You can believe that all men are entitled to life, liberty, and the pursuit of happiness or property, and still not think: that blacks and whites should not be allowed to get married, that blacks should not be allowed to serve on juries, that blacks should not be allowed to vote and things like that. Because those are not natural rights, those are civil rights that are granted by States and nations, some things like that. So you could believe in fundamental human equality and not believe in full racial equality.

Corey: So Jim, this is a big part of, well, this claim is made a number of times in your book, The Radical and the Republican, that Abraham Lincoln did believe that the Declaration of Independence was a universal document. My, perhaps, uninformed impression was he’s wearing rose-colored glasses. He’s imposing, perhaps, his own view of the Declaration on the Founders. Is there clear evidence that they believed that this was universal proclamation, or he thinks it should have been taken that way?

James: Some did and some didn’t. I think, as I said, I think Thomas Jefferson actually did believe that.

Corey: Why? Why do you believe that?

James: Because he says it, he says, in the quote I gave: Nothing’s more clearly written in the Book of Faith and that these people must be free. When he was younger, he introduced gradual abolition laws into the Virginia assembly and they failed. He advocated the Northwest Ordinance which would ban slavery from the Northwest. The Ordinance produced five free states. So there’s enough evidence that even he, and he’s hardly the most radical on that issue.

But I think if you go further north, then you look at… If you read the first paragraph of the 1780 Pennsylvania Abolition Statute, I think this is the first, I mentioned earlier, the first statute ever in the history of the world to abolish slavery somewhere. The entire first paragraph is an attack on the notion of racial inequality, and its impact on people who were claiming blacks are not equal to whites. That statute gave slaves the rights of due process that white servants had.

I think there’s plenty of evidence that plenty of people did actually believe [in universal equality]. There’s a new book just out by Paul Polgar that says that the goal of the first abolition movement that produced these free States in the North was to incorporate the emancipated slaves into the United States as fully equal citizens. And he’s got abundant evidence. So, those Founders certainly did believe that the Declaration of Independence meant it, meant what it said about fundamental human equality. And others in South Carolina, you’d be hard-pressed to find someone who would say that. They’re all founders but…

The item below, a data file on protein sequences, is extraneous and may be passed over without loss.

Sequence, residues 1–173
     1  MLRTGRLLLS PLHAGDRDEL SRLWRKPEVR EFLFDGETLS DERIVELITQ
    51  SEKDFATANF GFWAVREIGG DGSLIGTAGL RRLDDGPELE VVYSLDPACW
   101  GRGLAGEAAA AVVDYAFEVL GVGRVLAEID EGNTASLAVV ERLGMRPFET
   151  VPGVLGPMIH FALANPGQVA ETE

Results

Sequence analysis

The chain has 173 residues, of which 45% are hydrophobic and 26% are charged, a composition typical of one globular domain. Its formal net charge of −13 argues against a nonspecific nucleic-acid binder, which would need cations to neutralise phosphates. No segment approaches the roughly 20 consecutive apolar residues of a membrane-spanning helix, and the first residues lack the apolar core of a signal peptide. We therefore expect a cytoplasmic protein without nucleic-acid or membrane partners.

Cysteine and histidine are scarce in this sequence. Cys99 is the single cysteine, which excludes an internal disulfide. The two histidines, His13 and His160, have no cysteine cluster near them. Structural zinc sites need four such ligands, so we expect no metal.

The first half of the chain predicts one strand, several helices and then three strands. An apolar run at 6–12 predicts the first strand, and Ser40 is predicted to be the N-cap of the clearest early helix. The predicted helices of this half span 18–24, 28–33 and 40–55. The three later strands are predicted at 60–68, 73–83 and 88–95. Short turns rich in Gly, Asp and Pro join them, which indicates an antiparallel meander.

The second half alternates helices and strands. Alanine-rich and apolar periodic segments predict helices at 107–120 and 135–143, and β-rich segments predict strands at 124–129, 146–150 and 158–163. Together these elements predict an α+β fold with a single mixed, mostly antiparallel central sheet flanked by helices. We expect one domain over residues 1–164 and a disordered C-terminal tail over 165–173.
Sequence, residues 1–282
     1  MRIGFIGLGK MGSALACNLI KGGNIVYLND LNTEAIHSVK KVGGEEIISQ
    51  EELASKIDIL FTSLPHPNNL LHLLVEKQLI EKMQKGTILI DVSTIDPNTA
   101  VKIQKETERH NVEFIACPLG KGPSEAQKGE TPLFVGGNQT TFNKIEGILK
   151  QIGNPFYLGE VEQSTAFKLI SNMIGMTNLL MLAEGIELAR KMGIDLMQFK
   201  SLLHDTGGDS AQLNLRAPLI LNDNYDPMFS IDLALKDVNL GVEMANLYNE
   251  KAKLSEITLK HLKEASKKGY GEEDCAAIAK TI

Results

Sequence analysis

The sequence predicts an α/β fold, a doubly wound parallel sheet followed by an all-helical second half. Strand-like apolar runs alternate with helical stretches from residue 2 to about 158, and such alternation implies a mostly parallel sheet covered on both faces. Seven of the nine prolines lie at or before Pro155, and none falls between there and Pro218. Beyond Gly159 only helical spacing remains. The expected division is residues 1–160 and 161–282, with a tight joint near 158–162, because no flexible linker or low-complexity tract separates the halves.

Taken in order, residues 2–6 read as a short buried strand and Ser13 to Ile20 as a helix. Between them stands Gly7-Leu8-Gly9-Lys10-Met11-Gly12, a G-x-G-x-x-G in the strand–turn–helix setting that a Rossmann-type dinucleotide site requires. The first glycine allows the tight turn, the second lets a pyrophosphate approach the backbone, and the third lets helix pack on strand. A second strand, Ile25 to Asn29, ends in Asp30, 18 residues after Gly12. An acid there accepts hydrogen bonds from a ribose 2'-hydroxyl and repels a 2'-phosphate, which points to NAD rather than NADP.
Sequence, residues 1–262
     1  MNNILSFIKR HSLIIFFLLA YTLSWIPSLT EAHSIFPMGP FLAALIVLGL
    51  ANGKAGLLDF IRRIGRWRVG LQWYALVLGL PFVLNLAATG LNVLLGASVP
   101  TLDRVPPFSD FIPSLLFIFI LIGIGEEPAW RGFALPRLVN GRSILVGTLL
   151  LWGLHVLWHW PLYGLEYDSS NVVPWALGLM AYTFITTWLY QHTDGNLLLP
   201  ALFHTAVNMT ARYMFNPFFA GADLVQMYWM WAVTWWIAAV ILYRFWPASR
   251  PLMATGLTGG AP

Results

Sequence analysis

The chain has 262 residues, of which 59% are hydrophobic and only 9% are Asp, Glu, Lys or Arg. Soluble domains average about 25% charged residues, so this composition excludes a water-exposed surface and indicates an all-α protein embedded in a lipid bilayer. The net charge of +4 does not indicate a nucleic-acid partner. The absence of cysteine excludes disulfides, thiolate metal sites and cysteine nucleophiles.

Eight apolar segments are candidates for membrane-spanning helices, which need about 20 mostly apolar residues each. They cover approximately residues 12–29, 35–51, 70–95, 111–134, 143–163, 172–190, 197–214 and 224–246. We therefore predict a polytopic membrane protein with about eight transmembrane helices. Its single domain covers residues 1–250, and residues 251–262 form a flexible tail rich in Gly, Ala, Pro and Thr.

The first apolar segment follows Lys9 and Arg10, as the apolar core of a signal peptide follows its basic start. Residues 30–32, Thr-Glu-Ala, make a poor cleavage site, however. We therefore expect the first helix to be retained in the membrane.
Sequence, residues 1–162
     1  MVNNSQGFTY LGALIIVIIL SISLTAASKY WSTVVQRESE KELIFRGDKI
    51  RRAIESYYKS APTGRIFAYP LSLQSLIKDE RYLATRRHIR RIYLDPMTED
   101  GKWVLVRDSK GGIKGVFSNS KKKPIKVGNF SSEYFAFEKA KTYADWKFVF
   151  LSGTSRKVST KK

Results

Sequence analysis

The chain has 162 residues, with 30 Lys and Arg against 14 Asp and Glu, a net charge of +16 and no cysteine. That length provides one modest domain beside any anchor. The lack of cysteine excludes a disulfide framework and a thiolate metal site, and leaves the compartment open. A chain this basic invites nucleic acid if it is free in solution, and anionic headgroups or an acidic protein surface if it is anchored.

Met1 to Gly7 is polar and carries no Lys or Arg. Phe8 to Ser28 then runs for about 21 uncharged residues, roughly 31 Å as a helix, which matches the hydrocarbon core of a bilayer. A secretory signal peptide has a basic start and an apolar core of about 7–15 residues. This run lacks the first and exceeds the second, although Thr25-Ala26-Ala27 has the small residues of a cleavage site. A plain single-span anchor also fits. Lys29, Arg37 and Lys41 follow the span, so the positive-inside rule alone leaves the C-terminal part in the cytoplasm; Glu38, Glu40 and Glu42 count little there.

Corey: I think it’s from your interview with the world socialist website, you talk about there being, I guess, initial optimism after the revolution or expectation that slavery would eventually go away and that this optimism could be faded over the two decades after the revolution. What was going on during that period that you think stalled the movement that they all thought was coming?

James: Cotton. Cotton, and I suppose Haiti, as well, scared them, but it was cotton. The American Revolution destroyed the indigo economy in South Carolina and Georgia. The tobacco economy had been foundering. One of the reasons you get so many Virginians willing to sign off on vague, highfalutin statements about fundamental human equality and the end of slavery was because the tobacco economy was foundering. They were all in debt, and they thought slavery was dying. It looked to them like slavery was dying, that they were switching over to wheat (which could be grown by free farmers as efficiently as by slaves).

There’s no cotton, there’s virtually no commercially produced cotton in the United States until around 1785. Nobody can even, they cannot imagine [the cotton kingdom]. And [in the 1780s] it can’t be grown in any part of the interior of the south. They could only grow Sea Island Cotton on the coastline, because the inland cotton that became so famous had too many seeds in it. They didn’t have a gin until the 1790s, that could make that kind of cotton commercially viable.

And once they had it, it booms. And once it boomed, cotton gave slavery a new lease on life, but it hadn’t happened [during the Revolution]… No one in 1776 much less 1787 could have imagined it. Why would you think they could have imagined it. They had every reason to think slavery was–they had good reason to think it was dying. They looked at them–they looked at those States that were abolishing slavery one by one. They looked at the state of the economy, of the tobacco economy, and they had–it was a reasonably good bet that slavery was going to disappear. And the problem was then what are we going to do with all these free black people?

Corey: So I guess, I want to get in a little bit about the economics, because it sounds like cotton bolls saved the South. It saved the Southern economy to some extent, but there are forces also which accelerated growth in Northern economy, far beyond what was happening in the South. What were those forces? The 1619 Project argues that the economic drive was largely slavery. But if there’s something very different in the North, that’d be another factor basically which accounted for Northern growth. Do we know anything about the growth rates of the economy at that stage in both regions?